Dungeon Design

Dungeons replaced the linear structure of players completing level one, two then three with a hub world containing unique environments that could be accessed in a unique order. This created a more dynamic feeling to exploration, allowing players to run around aimlessly until they encountered the next dungeon. By segregating dungeons to sub-levels, the entire world felt connected and the game was larger than before. Final Fantasy and Legend of Zelda pioneered this technique on the NES but the same concept is utilized in AAA titles today such as Skyrim, World of Warcraft, Dark Souls, Diablo III, and pretty much every Ni No Kunimodern RPG. The dungeon is a necessary mechanic in game design, but unfortunately it is not always developed as awesomely as fans would like.

The Good

Amazing dungeon design utilizes a theme and applies it to every nuance of the environment. There are numerous examples of designers successfully capturing this concept, but one of the more recent entries is Ni No Kuni. When players control Oliver throughout the world map the terrain is dynamic and constantly changing from forests, to deserts, to volcanoes to magical habitats. When the player enters a dungeon there are visual cues and themes that highlight the tone of the region.

While climbing a volcano there is ash falling on the ground and the enemies are fire based. Of course they are! But so often, designers just palette swap previous foes to fit the new environment. The big boss is a large fiery beast that encompasses all the fear being burned alive. The puzzle aspects of each dungeon make sense for the theme, while in a swamp the player must avoid poisonous gas by utilizing a newly acquired hovering spell. Oliver and company explore ice caverns and their clothes change to necessary parkas to capture warmth. There are details in the background that players can never reach but accentuate the entire Water Templeworld surrounding the hero. These are linear(ish) dungeons that the player is exploring but it is obviously part of a much larger interconnected world.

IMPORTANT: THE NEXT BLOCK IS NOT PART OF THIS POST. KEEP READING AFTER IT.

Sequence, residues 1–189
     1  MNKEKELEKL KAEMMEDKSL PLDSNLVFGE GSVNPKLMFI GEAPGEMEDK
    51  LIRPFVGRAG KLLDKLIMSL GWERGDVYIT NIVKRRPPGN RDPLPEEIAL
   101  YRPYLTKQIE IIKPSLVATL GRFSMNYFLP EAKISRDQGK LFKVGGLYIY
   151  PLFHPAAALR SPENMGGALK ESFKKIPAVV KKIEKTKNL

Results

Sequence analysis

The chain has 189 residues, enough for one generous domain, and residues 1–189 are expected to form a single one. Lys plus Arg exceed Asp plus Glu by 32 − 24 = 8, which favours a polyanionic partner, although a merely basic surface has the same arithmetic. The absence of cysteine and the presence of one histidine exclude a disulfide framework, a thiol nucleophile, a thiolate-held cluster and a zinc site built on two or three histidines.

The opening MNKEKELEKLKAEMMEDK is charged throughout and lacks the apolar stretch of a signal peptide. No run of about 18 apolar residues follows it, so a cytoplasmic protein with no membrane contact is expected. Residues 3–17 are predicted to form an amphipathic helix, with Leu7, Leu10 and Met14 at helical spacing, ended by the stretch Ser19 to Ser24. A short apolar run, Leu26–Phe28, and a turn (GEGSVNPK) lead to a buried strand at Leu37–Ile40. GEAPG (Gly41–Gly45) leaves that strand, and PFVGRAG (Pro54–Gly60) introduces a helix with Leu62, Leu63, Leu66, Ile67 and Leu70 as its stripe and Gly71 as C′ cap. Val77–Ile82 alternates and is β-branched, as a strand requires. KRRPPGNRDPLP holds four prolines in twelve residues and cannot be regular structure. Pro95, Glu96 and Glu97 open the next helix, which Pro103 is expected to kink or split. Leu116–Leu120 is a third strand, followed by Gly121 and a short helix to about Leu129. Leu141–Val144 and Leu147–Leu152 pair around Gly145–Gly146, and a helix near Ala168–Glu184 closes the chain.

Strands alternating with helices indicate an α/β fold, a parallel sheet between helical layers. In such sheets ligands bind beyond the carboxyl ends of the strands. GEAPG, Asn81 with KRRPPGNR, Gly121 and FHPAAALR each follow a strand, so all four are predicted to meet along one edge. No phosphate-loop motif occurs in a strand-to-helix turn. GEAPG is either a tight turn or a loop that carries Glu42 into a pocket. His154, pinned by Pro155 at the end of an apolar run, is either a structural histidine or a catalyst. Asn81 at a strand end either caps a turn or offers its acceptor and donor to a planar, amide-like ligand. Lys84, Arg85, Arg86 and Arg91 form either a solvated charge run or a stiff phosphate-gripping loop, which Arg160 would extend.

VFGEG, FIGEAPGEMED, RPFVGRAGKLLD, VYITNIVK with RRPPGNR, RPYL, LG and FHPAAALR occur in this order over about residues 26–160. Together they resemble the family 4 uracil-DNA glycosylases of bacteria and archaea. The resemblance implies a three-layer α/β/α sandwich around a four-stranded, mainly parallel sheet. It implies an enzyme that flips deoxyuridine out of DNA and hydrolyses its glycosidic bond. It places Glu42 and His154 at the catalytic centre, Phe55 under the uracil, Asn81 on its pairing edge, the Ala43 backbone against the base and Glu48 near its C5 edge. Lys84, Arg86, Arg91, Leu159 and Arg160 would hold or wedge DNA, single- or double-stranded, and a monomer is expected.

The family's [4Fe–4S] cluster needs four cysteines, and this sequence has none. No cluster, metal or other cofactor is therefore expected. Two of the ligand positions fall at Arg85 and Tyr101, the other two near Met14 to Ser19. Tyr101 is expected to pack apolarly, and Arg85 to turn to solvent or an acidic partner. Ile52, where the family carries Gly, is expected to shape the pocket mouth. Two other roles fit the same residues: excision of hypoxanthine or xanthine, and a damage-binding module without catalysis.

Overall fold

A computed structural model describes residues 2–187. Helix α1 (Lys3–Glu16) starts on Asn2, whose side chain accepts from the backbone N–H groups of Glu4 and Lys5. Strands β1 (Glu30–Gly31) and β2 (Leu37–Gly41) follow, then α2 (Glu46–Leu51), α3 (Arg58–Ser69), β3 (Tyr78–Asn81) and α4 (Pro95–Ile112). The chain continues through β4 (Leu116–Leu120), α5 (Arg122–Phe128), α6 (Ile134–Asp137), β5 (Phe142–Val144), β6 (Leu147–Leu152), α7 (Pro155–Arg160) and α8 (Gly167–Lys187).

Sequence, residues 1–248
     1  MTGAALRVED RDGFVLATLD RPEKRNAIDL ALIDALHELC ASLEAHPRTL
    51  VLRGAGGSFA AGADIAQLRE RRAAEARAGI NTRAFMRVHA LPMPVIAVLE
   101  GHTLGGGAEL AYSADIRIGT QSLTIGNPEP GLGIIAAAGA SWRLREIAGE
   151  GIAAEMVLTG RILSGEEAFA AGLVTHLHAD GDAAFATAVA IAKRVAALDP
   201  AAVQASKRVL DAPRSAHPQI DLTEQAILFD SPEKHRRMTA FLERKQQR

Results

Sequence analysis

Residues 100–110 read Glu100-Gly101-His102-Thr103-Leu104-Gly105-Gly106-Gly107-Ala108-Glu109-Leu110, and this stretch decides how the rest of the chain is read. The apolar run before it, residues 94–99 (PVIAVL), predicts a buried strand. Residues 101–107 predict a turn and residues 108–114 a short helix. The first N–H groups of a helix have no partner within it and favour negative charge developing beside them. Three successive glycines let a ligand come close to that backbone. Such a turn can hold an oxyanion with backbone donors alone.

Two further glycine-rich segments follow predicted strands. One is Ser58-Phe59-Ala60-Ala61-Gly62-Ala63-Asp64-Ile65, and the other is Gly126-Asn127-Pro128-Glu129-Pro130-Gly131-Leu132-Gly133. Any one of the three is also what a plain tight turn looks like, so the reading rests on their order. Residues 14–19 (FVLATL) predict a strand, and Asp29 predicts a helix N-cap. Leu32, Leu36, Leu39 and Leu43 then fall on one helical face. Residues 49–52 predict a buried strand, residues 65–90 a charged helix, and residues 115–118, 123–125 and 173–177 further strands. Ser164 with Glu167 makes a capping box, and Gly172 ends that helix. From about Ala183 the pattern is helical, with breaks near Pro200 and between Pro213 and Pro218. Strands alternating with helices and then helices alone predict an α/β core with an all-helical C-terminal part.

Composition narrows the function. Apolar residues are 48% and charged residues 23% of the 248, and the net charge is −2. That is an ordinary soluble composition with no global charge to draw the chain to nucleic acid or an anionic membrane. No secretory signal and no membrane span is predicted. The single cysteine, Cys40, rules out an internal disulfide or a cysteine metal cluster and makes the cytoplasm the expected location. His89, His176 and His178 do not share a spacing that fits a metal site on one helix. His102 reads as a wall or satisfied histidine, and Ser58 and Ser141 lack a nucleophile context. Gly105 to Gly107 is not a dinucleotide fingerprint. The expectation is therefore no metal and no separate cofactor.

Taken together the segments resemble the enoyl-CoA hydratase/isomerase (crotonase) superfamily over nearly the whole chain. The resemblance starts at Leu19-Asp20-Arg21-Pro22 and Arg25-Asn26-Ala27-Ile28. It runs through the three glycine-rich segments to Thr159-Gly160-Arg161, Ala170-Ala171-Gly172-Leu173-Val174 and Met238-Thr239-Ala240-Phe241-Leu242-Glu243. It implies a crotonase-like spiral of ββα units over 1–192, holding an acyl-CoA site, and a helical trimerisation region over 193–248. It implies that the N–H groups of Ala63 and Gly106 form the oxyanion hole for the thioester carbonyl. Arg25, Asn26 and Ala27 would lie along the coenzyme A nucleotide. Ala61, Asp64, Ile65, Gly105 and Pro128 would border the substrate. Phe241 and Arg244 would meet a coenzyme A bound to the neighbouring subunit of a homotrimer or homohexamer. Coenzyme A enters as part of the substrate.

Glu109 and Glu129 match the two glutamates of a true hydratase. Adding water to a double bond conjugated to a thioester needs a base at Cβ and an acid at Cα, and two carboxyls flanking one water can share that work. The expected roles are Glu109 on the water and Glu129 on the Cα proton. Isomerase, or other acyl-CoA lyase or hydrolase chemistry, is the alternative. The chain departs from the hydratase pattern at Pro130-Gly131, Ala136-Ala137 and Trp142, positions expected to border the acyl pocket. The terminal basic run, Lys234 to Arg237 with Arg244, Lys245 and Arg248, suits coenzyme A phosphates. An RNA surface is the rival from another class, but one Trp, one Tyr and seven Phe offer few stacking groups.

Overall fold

The Bad

The Legend of Zelda series successfully captures everything that is great about dungeon design, in most of the levels. But there is one world that is the pinnacle of poor design—The Water Temple from Ocarina of Time. Everything that I praised Ni No Kuni for could be applied to this level as well; where the Water Temple fails is containing an unnecessarily complicated structure, forcing players to double back and is an aggressive difficulty spike compared to the rest of the game.

Good dungeon design will utilize a map to help players keep their bearings of where to go next. Within the Water Temple’s various floors which overlap each other, there is no obvious order. Player’s don’t start at the bottom and work their way up, but instead oscillate between floors to open additional chambers and adjust the water height. If a mistake occurs during the guess work, the player must backtrack and resolve puzzles to reset the water levels. This is the greatest sin for dungeons, repetition. Players want Dragon Age 2new experiences and the opportunity to push forward, by forcing them to redo sections the game is artificially padded.

The Ugly

Speaking of being repetitive, the randomly generated dungeons in Dragon Age 2 are the same level over and over again. Players explore numerous caves, caverns, underground walkways, grottos, fissures and canyons that reuse assets. If you play through this game and thought you saw that wall before, or opened up that chest in the exact same location you are probably right.

Randomly generated dungeons such as Rogue or Dark Cloud can expand the replayability of a game and offer unique experiences for each player. Diablo is able to successfully create random dungeons that players feel compelled to reveal every aspect of the map, but Dragon Age 2 falls far short of these examples. The joy is sucked out of the game and 80% of the quests feel like a remixed version of the same mission. There are a few good levels, but they are unique one-off situations and are too far apart.

The Call to Action

What are some of your favorite dungeons that you explored? Was there ever a level that forced you to turn to a guide, such as The Water Temple forced me? Let me know in the comments if there was ever a game that you stopped playing because of poor design or replay constantly because of brilliant dungeon layout.

Level Up, Friends!